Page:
New RunKeeper Features Aim To Bring the Fitness Class Experience To Your Phone
Since 2008, RunKeeper, the fitness-tracking, GPS-based mobile app from Boston-based startup FitnessKeeper, has helped runners log and track the distance, speed, and routes they’ve run and engage with a broader community of like-minded athletes. The “pro” $9.99 version of the tool even offers coaching via headphones to help runners hit their desired pace, understand how far they’ve gone, and mix up their speeds for interval workouts, all as their feet hit the pavement.
But now, the company is moving even further into an area that has traditionally been occupied by real, live fitness professionals, by offering mobile training plans and fitness classes
“We’re grouping them together almost like an SAT class or a spinning class at the gym and are trying to tap into that same psychology—but virtually, where you all collectively go after the same goal,” says FitnessKeeper founder and CEO Jason Jacobs. “What we envision is that these classes will become such a powerful motivator that they recreate the benefits of an in-person class, where you’re motivated by the energy in the room.”
The startup put out the first set of such classes on its store late last week, with 5K and half-marathon training plans designed by Olympian runner Jeff Galloway. Jacobs says already several hundred users have signed up. Those who purchase the classes—which range from $9.99 to $19.99—will have the set of runs designed by Galloway populate their RunKeeper calendars. They also will be sent an alert that notifies them which distance they are supposed to run each day. When they physically go out for a jog, they can flag that they are completing a particular run as called for in the training guide. They’ll also be connected to others in the RunKeeper community who are training under the same program.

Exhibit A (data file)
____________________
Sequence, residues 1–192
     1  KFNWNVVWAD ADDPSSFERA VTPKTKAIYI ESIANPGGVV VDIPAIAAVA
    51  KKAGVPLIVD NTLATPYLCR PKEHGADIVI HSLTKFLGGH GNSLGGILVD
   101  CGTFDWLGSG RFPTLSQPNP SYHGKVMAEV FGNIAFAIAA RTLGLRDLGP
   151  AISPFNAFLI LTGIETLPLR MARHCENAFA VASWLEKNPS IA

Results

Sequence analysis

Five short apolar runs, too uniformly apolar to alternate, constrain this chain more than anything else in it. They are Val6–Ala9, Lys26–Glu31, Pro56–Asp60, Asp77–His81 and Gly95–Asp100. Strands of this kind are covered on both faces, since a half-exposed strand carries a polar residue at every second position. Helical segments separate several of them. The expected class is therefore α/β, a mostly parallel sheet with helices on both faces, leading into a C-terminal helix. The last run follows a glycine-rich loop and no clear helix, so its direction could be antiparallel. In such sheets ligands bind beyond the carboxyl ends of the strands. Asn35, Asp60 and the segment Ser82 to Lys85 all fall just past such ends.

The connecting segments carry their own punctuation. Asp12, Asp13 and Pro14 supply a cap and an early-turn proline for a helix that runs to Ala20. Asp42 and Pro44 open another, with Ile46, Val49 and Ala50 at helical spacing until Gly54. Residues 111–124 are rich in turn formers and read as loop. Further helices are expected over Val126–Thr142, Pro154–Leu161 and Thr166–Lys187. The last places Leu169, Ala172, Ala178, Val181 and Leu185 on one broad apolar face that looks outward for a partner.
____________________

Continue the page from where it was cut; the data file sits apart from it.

“The plan is to roll them out in such a way so that if you have a race at a certain time it can follow your schedule,” Jacobs says. And speaking of races, FitnessKeeper has also made that a more prominent part of the user experience. Weeks before it rolled out the classes, it introduced a race page section of the site, where users can search for races based on distance and location, and connect with other runners in the RunKeeper community looking to do the same race. And the company hasn’t spent a marketing dime to attract this information, but has crowdsourced the content, relying on the RunKeeper community to submit races on their radar.
With the features introduced in the past month, the big focus is streamlining the entire process of running, racing, and training, Jacobs says. “Runners don’t just track their activities, but they participate in races and follow a lot of training programs,” he says.
And typically, this entire process is fragmented, he says. Runners research and sign up for races in one place, scout out and follow training programs in … Next Page »